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Publication numberUS7250630 B2
Publication typeGrant
Application numberUS 10/863,288
Publication dateJul 31, 2007
Filing dateJun 9, 2004
Priority dateJun 10, 2003
Fee statusPaid
Also published asCN1574105A, DE04012914T1, EP1487022A2, EP1487022A3, US20040251457, US20070164312
Publication number10863288, 863288, US 7250630 B2, US 7250630B2, US-B2-7250630, US7250630 B2, US7250630B2
InventorsTakashi Katoda
Original AssigneeTakashi Katoda
Export CitationBiBTeX, EndNote, RefMan
External Links: USPTO, USPTO Assignment, Espacenet
Electronic devices formed of high-purity molybdenum oxide
US 7250630 B2
Abstract
The present invention is directed to electronic devices comprising high-purity molybdenum oxide in at least a part of the devices. The devices according to the present such a bipolar transistor, a field effect transistor and a thyristor have a high withstand voltage. The present invention is directed also hostile-environment electron devices formed using high-purity molybdenum oxide. The devices according the present invention can be fabricated at a relatively lower temperature such as 700° C. than that at which GaN or SiC devices are fabricated, the at is a temperature higher than 1000° C.
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Claims(12)
1. A semiconductor electronic device wherein high-purity molybdenum oxide is used at least in a substantial part, said high-purity molybdenum oxide having a composition of MoO3, wherein said high-purity molybdenum oxide has a bandgap equal to or greater than 3.45 eV.
2. A bipolar transistor wherein high-purity molybdenum oxide is used at least in an emitter, a base or a collector.
3. A thyristor having a device structure consisting of a first p-type molybdenum oxide layer, a first n-type molybdenum oxide layer, a second p-type molybdenum oxide layer and a second n-type molybdenum oxide layer piled-up in this sequence.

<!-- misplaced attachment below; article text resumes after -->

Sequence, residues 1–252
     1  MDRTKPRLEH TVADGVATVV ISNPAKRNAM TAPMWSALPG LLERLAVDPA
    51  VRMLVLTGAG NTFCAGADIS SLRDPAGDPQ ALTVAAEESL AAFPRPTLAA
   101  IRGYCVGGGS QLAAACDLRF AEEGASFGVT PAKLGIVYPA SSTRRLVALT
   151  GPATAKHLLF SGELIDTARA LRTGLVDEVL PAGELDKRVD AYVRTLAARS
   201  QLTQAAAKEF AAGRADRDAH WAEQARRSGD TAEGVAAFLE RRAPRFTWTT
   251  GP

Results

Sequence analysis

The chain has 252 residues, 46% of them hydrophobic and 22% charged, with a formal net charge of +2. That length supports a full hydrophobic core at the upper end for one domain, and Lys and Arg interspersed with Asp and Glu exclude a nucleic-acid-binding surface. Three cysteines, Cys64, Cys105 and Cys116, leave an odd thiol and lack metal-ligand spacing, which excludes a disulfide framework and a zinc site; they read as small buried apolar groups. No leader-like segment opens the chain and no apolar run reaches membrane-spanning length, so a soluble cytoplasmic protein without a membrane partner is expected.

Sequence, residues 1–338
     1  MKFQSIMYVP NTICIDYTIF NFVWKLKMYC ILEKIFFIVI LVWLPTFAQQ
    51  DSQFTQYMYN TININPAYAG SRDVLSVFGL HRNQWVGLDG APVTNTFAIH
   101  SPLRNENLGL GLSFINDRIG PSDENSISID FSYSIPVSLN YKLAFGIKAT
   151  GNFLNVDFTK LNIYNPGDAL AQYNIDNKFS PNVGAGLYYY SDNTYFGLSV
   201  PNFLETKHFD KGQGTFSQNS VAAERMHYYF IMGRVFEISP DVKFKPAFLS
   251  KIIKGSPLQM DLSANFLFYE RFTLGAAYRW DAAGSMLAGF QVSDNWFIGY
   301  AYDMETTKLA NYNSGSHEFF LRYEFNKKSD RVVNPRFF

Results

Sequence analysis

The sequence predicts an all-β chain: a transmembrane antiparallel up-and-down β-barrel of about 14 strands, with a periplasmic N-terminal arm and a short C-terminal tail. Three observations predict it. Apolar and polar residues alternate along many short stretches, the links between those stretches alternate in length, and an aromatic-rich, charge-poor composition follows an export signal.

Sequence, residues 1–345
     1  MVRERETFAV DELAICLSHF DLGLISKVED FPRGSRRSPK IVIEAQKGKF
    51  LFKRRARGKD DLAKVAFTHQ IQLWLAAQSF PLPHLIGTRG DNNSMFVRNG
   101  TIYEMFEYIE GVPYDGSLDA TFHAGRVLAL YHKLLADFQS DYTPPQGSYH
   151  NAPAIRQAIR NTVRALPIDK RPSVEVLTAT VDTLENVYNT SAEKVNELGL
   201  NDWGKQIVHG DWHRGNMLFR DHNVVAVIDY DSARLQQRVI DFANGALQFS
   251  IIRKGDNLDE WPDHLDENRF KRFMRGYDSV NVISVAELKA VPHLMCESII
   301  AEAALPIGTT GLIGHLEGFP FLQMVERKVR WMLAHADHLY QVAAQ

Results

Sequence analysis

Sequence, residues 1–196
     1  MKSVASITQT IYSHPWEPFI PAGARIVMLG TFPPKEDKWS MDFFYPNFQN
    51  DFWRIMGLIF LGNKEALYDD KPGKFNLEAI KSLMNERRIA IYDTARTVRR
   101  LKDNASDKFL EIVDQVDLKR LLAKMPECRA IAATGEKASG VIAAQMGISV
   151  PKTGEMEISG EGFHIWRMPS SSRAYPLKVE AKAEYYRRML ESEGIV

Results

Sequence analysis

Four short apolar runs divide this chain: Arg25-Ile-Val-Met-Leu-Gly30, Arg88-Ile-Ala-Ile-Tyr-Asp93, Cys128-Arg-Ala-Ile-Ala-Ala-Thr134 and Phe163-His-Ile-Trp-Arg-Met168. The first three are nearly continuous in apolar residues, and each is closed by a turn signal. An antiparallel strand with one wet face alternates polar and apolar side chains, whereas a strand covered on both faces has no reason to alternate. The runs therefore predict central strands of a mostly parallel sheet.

4. A thyristor having a first n-type molybdenum oxide layer, a first p-type molybdenum oxide layer, a second n-type molybdenum oxide layer and a second p-type molybdenum oxide layer piled-up in this sequence.
5. A field effect transistor comprising a substrate composed of molybdenum wherein a channel layer is formed using molybdenum oxide.
6. A bipolar transistor comprising a substrate composed of molybdenum wherein molybdenum oxide is used in at least one region of an emitter, a base or a collector.
7. A thyristor comprising a substrate of molybdenum, and a device structure consisting of a first p-type molybdenum oxide layer, a first n-type molybdenum oxide layer, a second p-type molybdenum oxide layer and a second n-type molybdenum oxide layer piled-up in this sequence on said substrate.
8. A thyristor comprising a substrate of molybdenum, and a device structure consisting of a first n-type molybdenum oxide layer, a first p-type molybdenum oxide layer, a second n-type molybdenum oxide layer and a second p-type molybdenum oxide layer piled-up in this sequence on said substrate.
9. A field effect transistor comprising a substrate of molybdenum and, a layer of molybdenum oxide formed by oxidizing a part of said substrate wherein a channel layer is formed using molybdenum oxide.
10. A bipolar transistor comprising a substrate of molybdenum and, a layer of molybdenum oxide formed by oxidizing a part of said substrate wherein molybdenum oxide is used in at least one region of an emitter, a base or a collector.
11. A thyristor comprising a substrate of molybdenum, a layer of molybdenum oxide formed by oxidizing a part of said substrate and a device structure formed on said substrate, a first p-type molybdenum oxide layer, a first n-type molybdenum oxide layer, a second p-type molybdenum oxide layer and a second n-type molybdenum oxide layer piled-up in this sequence.
12. A thyristor comprising a substrate of molybdenum, a layer of molybdenum oxide formed by oxidizing a part of said substrate and a device structure formed on said substrate, wherein said device structure consists of a first n-type molybdenum oxide layer, a first p-type molybdenum oxide layer, a second n-type molybdenum oxide layer and a second p-type molybdenum oxide layer piled-up in this sequence.
Description
BACKGROUND OF THE INVENTION

1. Field of the Invention

The present invention relates to electronic devices with a high withstand voltage and hostile-environment electronic devices.

More particularly, the present invention relates to field effect transistors, bipolar transistors, thyristors with a high breakdown voltage and hostile-environment electronic devices made up of new semiconductor which can solve difficult problems accompanying to such devices made up of known semiconductors with a large bandgap such as gallium nitride (GaN) and silicon carbide (SiC).

2. Related Background Art